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By Marty Farmer
Tyrell Gaylord is 10 years old and he loves playing football. Ask him his position and school and he proudly fires back, "running back and backup cornerback, Havlicek School," with the same alacrity that NFL players pronounce during their popular "background intros" of NBC's Sunday night games. A far cry from the bright lights of the NFL, however, Tyrell plays for the Featherweight Pac 10 team within the Oak Park River Forest Youth Football program. The OPRFYF is an organization that currently boasts 11 teams with approximately 220 players (ranging in age from 6 to 14). The children are primarily from the Oak Park and River Forest area.
A few weeks ago, Tyrell was ostensibly immersed in one of those glorious gridiron moments. He broke free from the line of scrimmage and was headed for a touchdown. With paydirt in his sights, he was pulled down by a defender from behind. Tyrell suffered a concussion. Plenty of gain with pain encapsulated the concerning moment on the football field.
"I was nervous that I wasn't going to play again," he said. "The trainer asked me some questions. When I didn't answer them, he said maybe I had a concussion. I went to the doctor to take a concussion test. At first, I didn't do well so I sat out for a few weeks."
After plenty of rest and obtaining a medical green light from a doctor, Tyrell rejoined his teammates on the field a few weeks after his concussion. He hasn't skipped a beat.
"I just like playing football. It's fun to tackle and I like the hitting [in football]," he said.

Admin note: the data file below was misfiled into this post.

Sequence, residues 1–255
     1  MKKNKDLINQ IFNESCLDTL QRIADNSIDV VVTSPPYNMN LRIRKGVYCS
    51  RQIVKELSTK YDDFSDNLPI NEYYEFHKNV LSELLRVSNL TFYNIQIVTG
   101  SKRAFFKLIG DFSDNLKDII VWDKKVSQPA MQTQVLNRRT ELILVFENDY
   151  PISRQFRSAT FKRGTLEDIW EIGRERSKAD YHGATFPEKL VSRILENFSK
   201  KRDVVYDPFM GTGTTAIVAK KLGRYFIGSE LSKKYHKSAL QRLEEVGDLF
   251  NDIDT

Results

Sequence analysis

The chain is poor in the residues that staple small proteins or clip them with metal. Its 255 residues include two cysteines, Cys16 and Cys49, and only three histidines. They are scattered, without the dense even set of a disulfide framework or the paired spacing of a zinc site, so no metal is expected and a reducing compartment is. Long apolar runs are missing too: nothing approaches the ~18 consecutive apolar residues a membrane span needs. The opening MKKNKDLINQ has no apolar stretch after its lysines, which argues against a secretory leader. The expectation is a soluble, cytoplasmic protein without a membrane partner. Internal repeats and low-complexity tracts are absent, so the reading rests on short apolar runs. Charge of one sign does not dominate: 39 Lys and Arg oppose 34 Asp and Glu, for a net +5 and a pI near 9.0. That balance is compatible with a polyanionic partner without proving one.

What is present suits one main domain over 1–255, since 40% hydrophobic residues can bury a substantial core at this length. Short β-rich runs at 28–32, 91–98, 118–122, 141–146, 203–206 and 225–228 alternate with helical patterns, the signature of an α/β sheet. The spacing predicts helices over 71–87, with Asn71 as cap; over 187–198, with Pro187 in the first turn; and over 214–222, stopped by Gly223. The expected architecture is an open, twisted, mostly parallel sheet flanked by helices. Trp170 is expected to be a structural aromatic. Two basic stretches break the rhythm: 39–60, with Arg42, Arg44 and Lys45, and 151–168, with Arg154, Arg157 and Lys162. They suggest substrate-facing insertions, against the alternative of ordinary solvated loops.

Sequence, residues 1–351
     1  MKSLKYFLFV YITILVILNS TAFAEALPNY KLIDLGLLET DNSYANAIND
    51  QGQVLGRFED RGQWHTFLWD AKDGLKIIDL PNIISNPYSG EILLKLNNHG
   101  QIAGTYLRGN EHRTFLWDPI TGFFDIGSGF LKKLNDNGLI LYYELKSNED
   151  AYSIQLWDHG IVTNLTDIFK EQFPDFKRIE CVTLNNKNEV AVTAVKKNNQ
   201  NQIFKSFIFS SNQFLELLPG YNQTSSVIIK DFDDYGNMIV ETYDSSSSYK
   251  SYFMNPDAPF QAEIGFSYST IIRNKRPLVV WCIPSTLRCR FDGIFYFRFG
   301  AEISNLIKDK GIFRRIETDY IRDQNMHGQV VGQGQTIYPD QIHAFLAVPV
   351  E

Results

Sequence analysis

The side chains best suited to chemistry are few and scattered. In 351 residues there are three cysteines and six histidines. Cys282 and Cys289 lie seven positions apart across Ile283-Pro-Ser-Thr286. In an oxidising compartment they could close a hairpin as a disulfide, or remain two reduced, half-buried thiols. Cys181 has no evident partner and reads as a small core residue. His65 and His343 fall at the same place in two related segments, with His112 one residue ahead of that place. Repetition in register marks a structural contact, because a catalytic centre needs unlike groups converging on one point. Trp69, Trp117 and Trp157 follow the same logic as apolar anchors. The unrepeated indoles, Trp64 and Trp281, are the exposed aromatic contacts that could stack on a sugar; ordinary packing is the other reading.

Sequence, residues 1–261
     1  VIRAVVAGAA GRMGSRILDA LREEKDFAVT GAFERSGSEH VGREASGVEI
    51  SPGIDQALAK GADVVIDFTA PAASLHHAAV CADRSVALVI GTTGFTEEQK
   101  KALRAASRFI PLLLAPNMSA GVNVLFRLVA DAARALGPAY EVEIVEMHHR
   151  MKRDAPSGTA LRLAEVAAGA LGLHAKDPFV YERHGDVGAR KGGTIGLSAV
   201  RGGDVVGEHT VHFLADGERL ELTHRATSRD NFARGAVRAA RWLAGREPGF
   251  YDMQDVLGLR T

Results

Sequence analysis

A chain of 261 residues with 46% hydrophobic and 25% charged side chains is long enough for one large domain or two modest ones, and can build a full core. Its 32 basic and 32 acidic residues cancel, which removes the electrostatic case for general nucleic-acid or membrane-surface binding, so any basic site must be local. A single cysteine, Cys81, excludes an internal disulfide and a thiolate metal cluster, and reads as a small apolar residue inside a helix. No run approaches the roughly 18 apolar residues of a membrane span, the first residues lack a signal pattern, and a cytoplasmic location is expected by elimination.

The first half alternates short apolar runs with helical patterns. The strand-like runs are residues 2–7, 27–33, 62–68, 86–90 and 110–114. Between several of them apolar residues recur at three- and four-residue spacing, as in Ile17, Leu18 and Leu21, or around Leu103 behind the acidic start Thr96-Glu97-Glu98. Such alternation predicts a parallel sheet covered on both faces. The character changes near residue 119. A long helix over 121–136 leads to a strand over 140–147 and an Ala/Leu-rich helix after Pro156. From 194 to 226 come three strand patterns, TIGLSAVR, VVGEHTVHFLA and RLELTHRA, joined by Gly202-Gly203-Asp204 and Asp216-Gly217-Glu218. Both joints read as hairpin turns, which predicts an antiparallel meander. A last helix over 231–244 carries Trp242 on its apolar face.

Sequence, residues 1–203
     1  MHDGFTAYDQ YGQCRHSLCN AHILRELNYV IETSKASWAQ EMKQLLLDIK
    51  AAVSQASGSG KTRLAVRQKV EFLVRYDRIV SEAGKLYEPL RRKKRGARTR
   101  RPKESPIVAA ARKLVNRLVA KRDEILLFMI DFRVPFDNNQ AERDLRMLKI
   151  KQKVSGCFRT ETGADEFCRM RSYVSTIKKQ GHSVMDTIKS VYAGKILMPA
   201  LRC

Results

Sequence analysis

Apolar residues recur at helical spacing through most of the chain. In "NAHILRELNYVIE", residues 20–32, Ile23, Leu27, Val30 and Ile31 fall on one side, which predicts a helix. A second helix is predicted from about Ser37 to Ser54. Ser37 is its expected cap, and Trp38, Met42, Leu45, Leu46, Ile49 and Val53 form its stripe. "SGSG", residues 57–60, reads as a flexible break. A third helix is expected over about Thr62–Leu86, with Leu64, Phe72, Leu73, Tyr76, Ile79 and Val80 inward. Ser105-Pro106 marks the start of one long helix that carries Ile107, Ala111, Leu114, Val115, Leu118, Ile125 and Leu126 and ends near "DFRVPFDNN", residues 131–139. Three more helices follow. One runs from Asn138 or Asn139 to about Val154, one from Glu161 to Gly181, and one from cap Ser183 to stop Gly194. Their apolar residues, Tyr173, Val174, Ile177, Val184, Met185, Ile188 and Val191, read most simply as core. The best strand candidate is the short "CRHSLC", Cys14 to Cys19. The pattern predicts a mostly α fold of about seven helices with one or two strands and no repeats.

When Tyrell suffered his concussion, no one was more concerned for his well-being than his father, Tyrone Gaylord, who also coaches his son's squad within the OPRFYF. The aforementioned precautions assuaged Tyrone's worries in relatively short order.
"Like any parent, I was concerned about my son's health but the concussion wasn't from head-to-head contact," he said. "He hit his head on the ground. Tyrell spent a few weeks off to rest and recover, took concussion baseline and cognitive tests and passed those protocols. Even after passing those checkpoints, we still held him back from contact and just started with some light running.
"During the entire process, we elected to error on the side of caution. When I was growing up, there were no doctors or trainers on the sidelines of games. As a coach, I feel relieved knowing we have medical professionals at games to diagnose any injuries."
Like Gaylord, Rebecca Hachem is a parent of an OPRFYF player, actually two. Her twin sons, Elias and Julian, are in their third year playing football within the Little Huskies. OPRFYF is a member of The Chicagoland Youth Football League, the largest youth football league in America.
"I think the OPRFYF is as safe a program as there is out there," Hachem said. "The kids' weights, ages and skill levels are all factored in to make sure they are put in the proper level. I really like that plus the baseline concussion testing."
According to the league's registrar, Chris Guillen, there have been just a few concussions among the 220 players and 11 teams this season.
"Through roughly seven weeks which accounts for 77 games plus 50 practices, we've had four diagnosed concussions," Guillen said. "Those players went through the baseline testing protocols and were subsequently allowed to practice only after passing the baseline test again, being cleared by a physician and then eased into the practice regimen."
OPRFYF calls on a multi-pronged approach to foster player safety including the following: top of the line equipment including Riddell helmets (which are checked/replaced every other season), certified training for coaches via USA Football's Heads UP program, players/parents feedback, a league-mandated trainer on the sidelines at every game, along with medical input and presentations to players and parents from Dr. Romano along with Dr. Gail Rosseau, a neurosurgeon for the NorthShore University Health System. Rosseau lives in River Forest.